Up until about four years ago, Mike Fahning thought of his Parkinson’s disease as an irritant. His medications seemed to be managing the involuntary movements that are a hallmark of the disease, with which he was diagnosed at age 38. But one Sunday in 2010, Fahning was at home doing housework when suddenly he couldn’t move. His medications had worn off, and he was stuck. Though Fahning wasn’t familiar with the term at the time, he was experiencing “freezing of gait,” a complication of Parkinson’s disease that is simply described as a temporary and involuntary inability to move.
David Bond, M.D., Ph.D., has spent his professional life delving into problems that lie deep within the human brain. Having recently completed his Ph.D. in neuroscience, and with in-depth experience in both clinical treatment for people who have bipolar disorder and research into brain malfunctions, Bond proved to be an unbeatable candidate to lead the University’s new Bipolar Disorder Clinic, which is scheduled to open this summer.
Dick Huston, D.V.M., and his wife, Glenda, were so passionate about education that, years ago, they established scholarships at nine different colleges, including the University of Minnesota. After Glenda died suddenly in 2010, her careful estate planning resulted in not just a substantial increase for the Glenda Taylor Huston Scholarship of Courage at the U but also funds to support bipolar disorder research at the institution.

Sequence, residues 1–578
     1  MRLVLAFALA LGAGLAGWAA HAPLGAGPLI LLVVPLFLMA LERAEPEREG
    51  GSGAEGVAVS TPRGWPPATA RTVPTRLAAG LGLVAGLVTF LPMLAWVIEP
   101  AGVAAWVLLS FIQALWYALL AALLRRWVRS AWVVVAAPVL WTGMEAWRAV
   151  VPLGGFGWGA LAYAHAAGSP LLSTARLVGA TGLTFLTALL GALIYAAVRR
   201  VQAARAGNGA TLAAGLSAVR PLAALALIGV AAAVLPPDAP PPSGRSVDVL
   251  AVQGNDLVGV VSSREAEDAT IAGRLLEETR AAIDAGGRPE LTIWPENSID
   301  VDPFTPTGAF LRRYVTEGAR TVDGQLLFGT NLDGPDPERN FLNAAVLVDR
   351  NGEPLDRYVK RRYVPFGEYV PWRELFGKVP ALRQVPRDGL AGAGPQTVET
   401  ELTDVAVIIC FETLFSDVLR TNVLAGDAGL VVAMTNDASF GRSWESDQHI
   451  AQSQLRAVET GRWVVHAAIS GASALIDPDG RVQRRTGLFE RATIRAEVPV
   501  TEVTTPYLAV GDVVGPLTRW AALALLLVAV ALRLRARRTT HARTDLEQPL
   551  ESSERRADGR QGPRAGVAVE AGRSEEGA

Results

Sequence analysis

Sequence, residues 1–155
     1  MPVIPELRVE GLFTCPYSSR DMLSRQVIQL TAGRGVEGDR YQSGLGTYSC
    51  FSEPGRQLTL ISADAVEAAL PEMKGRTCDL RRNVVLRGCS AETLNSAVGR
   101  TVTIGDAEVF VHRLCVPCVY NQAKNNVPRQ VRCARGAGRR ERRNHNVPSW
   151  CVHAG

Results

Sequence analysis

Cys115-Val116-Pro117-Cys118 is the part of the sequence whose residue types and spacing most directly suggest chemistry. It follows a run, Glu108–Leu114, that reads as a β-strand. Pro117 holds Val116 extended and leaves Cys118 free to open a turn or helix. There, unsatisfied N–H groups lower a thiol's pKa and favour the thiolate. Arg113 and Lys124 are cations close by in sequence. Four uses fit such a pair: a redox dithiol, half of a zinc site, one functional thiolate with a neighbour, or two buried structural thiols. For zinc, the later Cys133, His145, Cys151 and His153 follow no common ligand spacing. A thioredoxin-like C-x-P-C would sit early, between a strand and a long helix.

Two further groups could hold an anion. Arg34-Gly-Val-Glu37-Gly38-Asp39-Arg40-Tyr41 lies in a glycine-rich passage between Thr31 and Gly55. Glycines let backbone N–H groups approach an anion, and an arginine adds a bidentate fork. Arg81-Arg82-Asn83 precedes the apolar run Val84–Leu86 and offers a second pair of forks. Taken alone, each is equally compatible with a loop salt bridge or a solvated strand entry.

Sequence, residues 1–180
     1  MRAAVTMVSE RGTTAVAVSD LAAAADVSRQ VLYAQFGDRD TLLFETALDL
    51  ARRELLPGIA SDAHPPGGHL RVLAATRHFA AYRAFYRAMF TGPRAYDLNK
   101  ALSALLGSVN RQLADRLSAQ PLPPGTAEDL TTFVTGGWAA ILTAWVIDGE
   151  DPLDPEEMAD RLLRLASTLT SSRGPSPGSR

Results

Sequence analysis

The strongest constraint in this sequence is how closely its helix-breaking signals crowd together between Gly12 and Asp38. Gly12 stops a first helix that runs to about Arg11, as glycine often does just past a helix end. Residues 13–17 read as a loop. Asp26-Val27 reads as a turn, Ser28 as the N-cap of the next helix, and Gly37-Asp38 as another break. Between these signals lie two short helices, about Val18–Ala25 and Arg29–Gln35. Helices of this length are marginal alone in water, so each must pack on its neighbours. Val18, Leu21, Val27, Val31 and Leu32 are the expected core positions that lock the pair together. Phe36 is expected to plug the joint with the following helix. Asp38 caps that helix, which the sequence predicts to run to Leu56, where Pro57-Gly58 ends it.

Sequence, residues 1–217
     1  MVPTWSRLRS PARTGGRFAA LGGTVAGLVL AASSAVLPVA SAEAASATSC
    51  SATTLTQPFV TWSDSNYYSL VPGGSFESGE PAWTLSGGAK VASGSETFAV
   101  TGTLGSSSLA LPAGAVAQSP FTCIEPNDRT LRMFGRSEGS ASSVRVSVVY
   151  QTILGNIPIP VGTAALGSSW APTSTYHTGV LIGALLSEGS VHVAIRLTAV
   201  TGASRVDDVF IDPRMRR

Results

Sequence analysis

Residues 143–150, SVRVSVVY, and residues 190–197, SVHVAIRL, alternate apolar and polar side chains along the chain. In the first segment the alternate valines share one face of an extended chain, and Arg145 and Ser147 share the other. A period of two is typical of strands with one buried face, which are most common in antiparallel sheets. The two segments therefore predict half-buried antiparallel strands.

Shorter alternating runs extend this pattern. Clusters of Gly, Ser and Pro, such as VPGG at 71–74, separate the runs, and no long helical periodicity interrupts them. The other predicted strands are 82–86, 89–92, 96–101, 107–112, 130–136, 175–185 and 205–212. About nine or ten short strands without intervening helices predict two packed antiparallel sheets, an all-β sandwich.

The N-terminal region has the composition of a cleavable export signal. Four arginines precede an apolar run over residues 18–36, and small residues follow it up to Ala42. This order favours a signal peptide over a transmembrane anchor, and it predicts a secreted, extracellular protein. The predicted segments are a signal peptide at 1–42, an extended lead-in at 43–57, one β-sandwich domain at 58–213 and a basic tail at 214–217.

The University of Minnesota has been named one of 25 institutions that will lead a nationwide network of regional stroke centers as part of a new effort driven by the National Institutes of Health to reduce the impact of stroke in the United States.
Because of philanthropic support, research focused on developing the first-ever treatment for spinocerebellar ataxia type 1 (SCA1) continues to move forward.
Enter your family foursome, a team of competitive co-workers, or a group of friends in the first-ever Stand Up 2 Ataxia Golf Tournament.
After a monthlong journey by boat from England, across the Atlantic, and through the Great Lakes, the world’s largest imaging magnet made its way from Duluth, Minnesota, to its new home at the University of Minnesota’s Center for Magnetic Resonance Research, arriving on December 6.